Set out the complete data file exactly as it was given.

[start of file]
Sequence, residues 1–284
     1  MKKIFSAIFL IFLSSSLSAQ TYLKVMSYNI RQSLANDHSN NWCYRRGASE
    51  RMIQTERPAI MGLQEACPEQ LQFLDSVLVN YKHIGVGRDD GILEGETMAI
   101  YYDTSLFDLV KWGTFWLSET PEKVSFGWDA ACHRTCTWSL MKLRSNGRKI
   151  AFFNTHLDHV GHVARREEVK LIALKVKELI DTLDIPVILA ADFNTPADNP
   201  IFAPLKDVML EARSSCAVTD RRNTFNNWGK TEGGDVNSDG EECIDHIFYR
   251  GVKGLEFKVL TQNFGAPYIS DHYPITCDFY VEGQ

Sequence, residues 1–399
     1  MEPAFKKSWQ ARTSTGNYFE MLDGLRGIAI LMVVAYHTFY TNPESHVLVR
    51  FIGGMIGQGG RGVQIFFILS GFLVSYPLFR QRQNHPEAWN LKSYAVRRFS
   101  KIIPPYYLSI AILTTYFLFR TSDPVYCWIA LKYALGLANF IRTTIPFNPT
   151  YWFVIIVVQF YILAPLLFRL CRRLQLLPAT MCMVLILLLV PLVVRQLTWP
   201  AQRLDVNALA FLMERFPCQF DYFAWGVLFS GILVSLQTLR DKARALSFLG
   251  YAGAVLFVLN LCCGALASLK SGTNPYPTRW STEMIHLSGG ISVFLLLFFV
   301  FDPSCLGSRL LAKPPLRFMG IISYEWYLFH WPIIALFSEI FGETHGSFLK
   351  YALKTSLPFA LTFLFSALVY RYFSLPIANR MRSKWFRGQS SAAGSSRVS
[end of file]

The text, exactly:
Sequence, residues 1–284
     1  MKKIFSAIFL IFLSSSLSAQ TYLKVMSYNI RQSLANDHSN NWCYRRGASE
    51  RMIQTERPAI MGLQEACPEQ LQFLDSVLVN YKHIGVGRDD GILEGETMAI
   101  YYDTSLFDLV KWGTFWLSET PEKVSFGWDA ACHRTCTWSL MKLRSNGRKI
   151  AFFNTHLDHV GHVARREEVK LIALKVKELI DTLDIPVILA ADFNTPADNP
   201  IFAPLKDVML EARSSCAVTD RRNTFNNWGK TEGGDVNSDG EECIDHIFYR
   251  GVKGLEFKVL TQNFGAPYIS DHYPITCDFY VEGQ

Sequence, residues 1–399
     1  MEPAFKKSWQ ARTSTGNYFE MLDGLRGIAI LMVVAYHTFY TNPESHVLVR
    51  FIGGMIGQGG RGVQIFFILS GFLVSYPLFR QRQNHPEAWN LKSYAVRRFS
   101  KIIPPYYLSI AILTTYFLFR TSDPVYCWIA LKYALGLANF IRTTIPFNPT
   151  YWFVIIVVQF YILAPLLFRL CRRLQLLPAT MCMVLILLLV PLVVRQLTWP
   201  AQRLDVNALA FLMERFPCQF DYFAWGVLFS GILVSLQTLR DKARALSFLG
   251  YAGAVLFVLN LCCGALASLK SGTNPYPTRW STEMIHLSGG ISVFLLLFFV
   301  FDPSCLGSRL LAKPPLRFMG IISYEWYLFH WPIIALFSEI FGETHGSFLK
   351  YALKTSLPFA LTFLFSALVY RYFSLPIANR MRSKWFRGQS SAAGSSRVS